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Feather River Bulletin
Quincy, California
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March 21, 2012     Feather River Bulletin
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March 21, 2012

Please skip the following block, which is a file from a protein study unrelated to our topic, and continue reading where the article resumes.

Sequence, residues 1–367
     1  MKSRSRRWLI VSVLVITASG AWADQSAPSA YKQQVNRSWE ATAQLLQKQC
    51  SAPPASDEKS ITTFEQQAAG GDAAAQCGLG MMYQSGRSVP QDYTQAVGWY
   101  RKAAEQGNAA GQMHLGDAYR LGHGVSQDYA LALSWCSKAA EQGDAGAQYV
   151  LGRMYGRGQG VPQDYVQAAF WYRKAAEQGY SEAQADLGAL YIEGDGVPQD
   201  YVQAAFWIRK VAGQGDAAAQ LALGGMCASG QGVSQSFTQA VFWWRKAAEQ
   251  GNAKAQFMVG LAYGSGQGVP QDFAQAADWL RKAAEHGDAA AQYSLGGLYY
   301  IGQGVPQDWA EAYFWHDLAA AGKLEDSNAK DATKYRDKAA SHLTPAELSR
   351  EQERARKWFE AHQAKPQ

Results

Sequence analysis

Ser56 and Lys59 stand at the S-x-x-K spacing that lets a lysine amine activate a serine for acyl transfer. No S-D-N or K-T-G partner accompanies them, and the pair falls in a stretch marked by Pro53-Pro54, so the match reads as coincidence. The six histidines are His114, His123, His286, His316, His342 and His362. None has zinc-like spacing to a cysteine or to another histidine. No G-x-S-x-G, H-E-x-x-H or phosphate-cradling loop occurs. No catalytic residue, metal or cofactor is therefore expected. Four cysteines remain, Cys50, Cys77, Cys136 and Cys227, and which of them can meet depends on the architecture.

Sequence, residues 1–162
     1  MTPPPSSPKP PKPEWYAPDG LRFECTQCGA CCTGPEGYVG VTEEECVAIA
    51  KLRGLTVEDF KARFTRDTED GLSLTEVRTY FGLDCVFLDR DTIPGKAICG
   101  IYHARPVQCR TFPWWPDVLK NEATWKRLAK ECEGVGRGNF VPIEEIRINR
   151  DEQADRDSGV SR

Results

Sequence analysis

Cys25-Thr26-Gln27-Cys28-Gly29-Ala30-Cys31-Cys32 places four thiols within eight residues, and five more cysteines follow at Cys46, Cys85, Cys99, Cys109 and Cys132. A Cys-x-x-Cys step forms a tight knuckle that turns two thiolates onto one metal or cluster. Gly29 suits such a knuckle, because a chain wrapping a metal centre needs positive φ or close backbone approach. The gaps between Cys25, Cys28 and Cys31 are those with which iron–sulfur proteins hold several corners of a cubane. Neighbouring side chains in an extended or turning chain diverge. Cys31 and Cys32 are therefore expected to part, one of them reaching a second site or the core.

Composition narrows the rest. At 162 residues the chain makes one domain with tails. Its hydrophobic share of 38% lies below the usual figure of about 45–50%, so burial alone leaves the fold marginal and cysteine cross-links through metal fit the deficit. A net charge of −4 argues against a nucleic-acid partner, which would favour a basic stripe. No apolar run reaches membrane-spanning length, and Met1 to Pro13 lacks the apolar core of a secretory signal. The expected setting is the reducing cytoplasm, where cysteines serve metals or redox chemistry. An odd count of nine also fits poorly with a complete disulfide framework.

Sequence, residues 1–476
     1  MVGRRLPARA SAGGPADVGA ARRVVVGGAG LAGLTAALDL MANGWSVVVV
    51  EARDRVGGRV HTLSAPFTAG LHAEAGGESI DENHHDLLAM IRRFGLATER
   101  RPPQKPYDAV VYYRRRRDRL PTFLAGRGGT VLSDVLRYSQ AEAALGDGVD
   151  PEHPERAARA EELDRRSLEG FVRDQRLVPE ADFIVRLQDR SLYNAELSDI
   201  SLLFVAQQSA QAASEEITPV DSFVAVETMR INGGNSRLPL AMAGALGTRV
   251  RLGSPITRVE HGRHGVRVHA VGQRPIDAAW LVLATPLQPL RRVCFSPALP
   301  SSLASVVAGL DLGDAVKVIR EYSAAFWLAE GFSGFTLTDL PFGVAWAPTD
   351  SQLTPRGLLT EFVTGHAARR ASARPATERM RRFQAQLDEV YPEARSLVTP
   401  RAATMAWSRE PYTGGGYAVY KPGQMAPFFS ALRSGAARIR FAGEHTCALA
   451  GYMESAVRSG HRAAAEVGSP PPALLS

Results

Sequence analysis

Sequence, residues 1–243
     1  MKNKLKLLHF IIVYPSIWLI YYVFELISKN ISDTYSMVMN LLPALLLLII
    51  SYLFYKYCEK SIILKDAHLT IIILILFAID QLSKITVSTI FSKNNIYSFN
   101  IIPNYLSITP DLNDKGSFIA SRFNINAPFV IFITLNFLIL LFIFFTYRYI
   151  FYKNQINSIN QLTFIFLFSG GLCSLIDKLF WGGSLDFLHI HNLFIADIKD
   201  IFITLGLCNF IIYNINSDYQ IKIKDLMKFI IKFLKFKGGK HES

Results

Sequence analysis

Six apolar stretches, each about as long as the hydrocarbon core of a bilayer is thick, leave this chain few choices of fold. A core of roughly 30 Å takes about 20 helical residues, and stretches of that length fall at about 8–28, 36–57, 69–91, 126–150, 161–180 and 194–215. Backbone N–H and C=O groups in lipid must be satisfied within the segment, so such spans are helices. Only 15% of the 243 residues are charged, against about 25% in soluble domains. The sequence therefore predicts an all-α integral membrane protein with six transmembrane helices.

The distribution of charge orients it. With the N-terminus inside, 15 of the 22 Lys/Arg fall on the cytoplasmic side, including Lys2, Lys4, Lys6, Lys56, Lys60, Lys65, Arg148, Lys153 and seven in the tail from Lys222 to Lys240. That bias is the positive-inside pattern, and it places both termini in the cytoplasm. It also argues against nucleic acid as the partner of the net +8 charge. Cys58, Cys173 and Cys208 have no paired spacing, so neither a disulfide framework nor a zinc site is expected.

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Feather River Bulletin Wednesday, March 21, 2012 7A : [ Brian Kingdon and Van Probst hang onto a monster tomcat killed Tuesday, March 13, one day after a full-scale slaughter of goats was discovered when the young boy who owned them went out to do the morning chores. Photos by Heather Kingdon LION, from page 1A groups, that is one thing he and the experts at the Depart- ment of Fish and Game agree on. DFG public information officer Andrew Hughan was emphatic about that and refus .~ to vakidate the possi- bility of a2group hunt by other than a mother and her young. "There is no history, sci- ence or evidence to support that," he said. "Mountain lions are solitary animals." This makes the sixth moun- tain lion killed in Indian Valley since late January. The fifth one was killed in the Williams Valley area of Greenville in late February. To learn more and find safety tips, visit the DFG mountain lion information page at dfg.ca.gov/news/ issues/lion. Heather Kingdon authored a guest post about this ex- perience Thursday, March 15, on thebeefjar.com. Scroll down the page to see her story titled "Guest Post: Hand and paw profiles demonstrate the size and power of the lion, estimated to weigh 200 pounds. Active Environmentalist." Family friends set up a bank account for those interested in helping young Astles re-start his goat busi- ness. Donations may be sent to Fundraiser for Paul Astles, c/o Plumas Bank, Greenville Branch, P.O. Box 612, Green- ville, CA 95947. Those who see a mountain lion near their homes or barns may call 911, or (888) 334-2258. The Committee for Indian Valley Ducks Unlimited would like to announce that due to other organizations using these Winter/ @ Spring months for their event banquets, it would be in our best interest to re-slate our banquet for another date. Our event has been in April for the past 15+ years with great success, thanks to all of you. But times have changed, as everyone knows, and we feel that a change of date will help us keep our dinner a success, if not exceed past events! Our new date for the Indian Valley Ducks Unlimited Banquet is Saturday, Sept. 8th, at the Greenville Town Hall in Greenville. We hope that all of our attendees and supporters will continue to help us keep this event a great success! Again, thank you to all of you for helping us preserve wetlands for waterfowl for generations to follow. We are also looking for new committee members, young or old, motivated to help us with our event! If interested, we will be meeting on Saturday, April 7th, at the Way Station in Greenville at lpm. For more information call 284-1355. Look for our banquet flyers in July or August. Have a great Spring/Summer and we'll see you in September! DUCKS UNLIMITED Thanks, The Committee for the Indian Valley Chapter of Ducks Unlimited Up-to-the-minute forecast and road conditions at plumasnews.com I PEW, from page 1A a devastating effect on the Greenville community. He said it would amount to a loss of 30 jobs and more than $1 million in revenue for local businesses. Pew and his son Jared Pew, along with consultant Bill Wickman, presented their case to the arbitrator March 7. The testimony was present- ed via a video conference with Vergilio in Washington. The Forest Service was rep- resented by attorney James Rosen, and also received tes- timony from its contracting officer, Elaine Gee. Gee rejected Pew's original claim Oct. 13, 2011. At the request of Crabtree, the Forest Service conducted another cruise, using one of its inspectors from Oregon. The results of that cruise, which were released Dec. 16, 2011, found the Forest Ser- rice's original 2008 cruise estimates were within its established margin of error, although the inspector re- ported, "Incense cedar defect was most likely under- estimated by 10 to 15 percent." The inspector also reported, "The incense cedar appears to be more .variable acrossthe sale area than the major species. The sampling error, just for incense cedar, is esti- mated at 34 to 37 percent, compared to 13 to 18 percent for the rest of the species." Pew said the cedar esti- mates were closer to 75 percent short. He said the absence of that valuable timber accounted for much of his losses. Pew said in January 2012 that his biggest regret was trusting that the Forest Ser- vice's cruise was accurate. "I had no reason to ques- tion their cruise, because they have always done such a good job," Pew said at the time. "But I've never been in- volved in a timber sale that had 8 million feet of cedar in it," he said. "I will say that is one thing we didn't have a lot of experience in. If we had an 8 million foot cedar sale in the past, we would have prob- ably known that the Forest Service's way of cruising it is wrong." Pew critical of the process Pew said he was "misled by the Forest Service." He said he was encouraged to enter the alternative dispute resolution (ADR) process after meeting with Regional Forester Randy Moore in December. Pew said he believed Moore and the Forest Service's attorney James Rosen were "sincerely trying to help" him. He said that was the reason he agreed to the ADR process. "I came out of that meeting with Randy Moore feeling really good," Pew said. "He said they (Forest Service) would try to find some timber for us to log to help offset our losses. "He said we needed to do the ADR. He said that was the best answer to solving this, and that he would do every- thing he could to expedite the process." arbitration ruling against Pew Forest Products. Pew said he "knew he was in trouble" when he traveled to San Francisco to meet Forest Service attorney Rosen. "(Rosen) was totally differ- ent than he was on the phone (during the meeting with Moore)," Pew said. "That guy was as cold as cold could possibly be. "Rosen said, 'I don't care about you, I don't care about your family, the people who work for you or your coun- ty,'" Pew said. "He said, 'I don't care if the Forest Service estimates were 100 percent off.' He said it was his case now and he was going to win it." Rosen disputed Pew's recol- lection of their meeting. "(Rosen) confirmed for me that he did not say that," Forest Service spokesman ,John Heft said. "He said, 'We do care. However, there is a body of law that deals with how contracts are carried out.'" Pew said he left the meeting with Rosen "shell- shocked." "Trying to go against (Rosen) at that point was probably foolish," Pew said. "I felt like I had been set up. But I didn't think there was any way to get out of it. "If (Rosen) came up here and tried to be a logger, he wouldn't be very good at it," Pew said. "And me trying to go against him before a judge was pretty much the same thing. I wasn't very good at Pew said based on Moore's it." recommendation, he agreed Pew said he didn't hire an to the process, which ulti-attorney because he couldn't mately resulted in the affordone. EUREKA, from page 1A McMaster said he definitely noticed a drop in business last summer when the park was closed for a cleanup of toxic materials, primarily arsenic, lead and mercury left over from the days when the site was a working gold mine The cleanup came after several years of uncertainty and setbacks at the park. In 2008, PESP made then- Gov. Schwarzenegger's list of 28 parks to shutter. But locals protested en masse to save their beloved state park. The California parks department said it received more letters regarding PESP than any other park. In August 2010 the park's fully booked campground was closed when a plague- carrying rodent was discov- ered at the park. That closure occurred immediately before the popular Railroad Days weekend, but officials were able to reopen the camp- ground in time for the fully booked Labor Day weekend. That success was short- lived. In 2011, the park once again appeared~,gn the list of proposed closures. But clo- sure became a moot point last summer when a long-planned hazardous materials cleanup commenced. The cleanup took longer than expected because late and heavy snows delayed the start of the Environmental Protection AgenCy's planned work. Skutt said a little bit. of the EPA work still needed to be finished, but the park is now on schedule to open by mid-June. The Plumas-Eureka deal is the latest in a series of agreements between the state parks department and community groups or local governmental entities. In February, the Nevada County Board of Supervisors unani- mously supported a depart- ment plan to use parking fees to keep South Yuba River State Park open. Mono Lake Tufa State Natural Reserve and Henry W. Coe State Park are among the other state parks that will remain open thanks to negotiated agree- ments. Also in February, the parks department offered a series of workshops to find partners and released a "Partnership Workbook for Operating Agreements" to guide groups through the process. It appears old man winter may have passed us by, but at any rate, is your family car ready for the cold and the coming warmer weather? I *Change Oil & Filter (up to 5 qts) *Rotate Tires needed) *Brake Check (w ' ut.heen puu0 *Cooling System Check *50 pt. General Inspection & lube "' A$100.00 VALUE I -.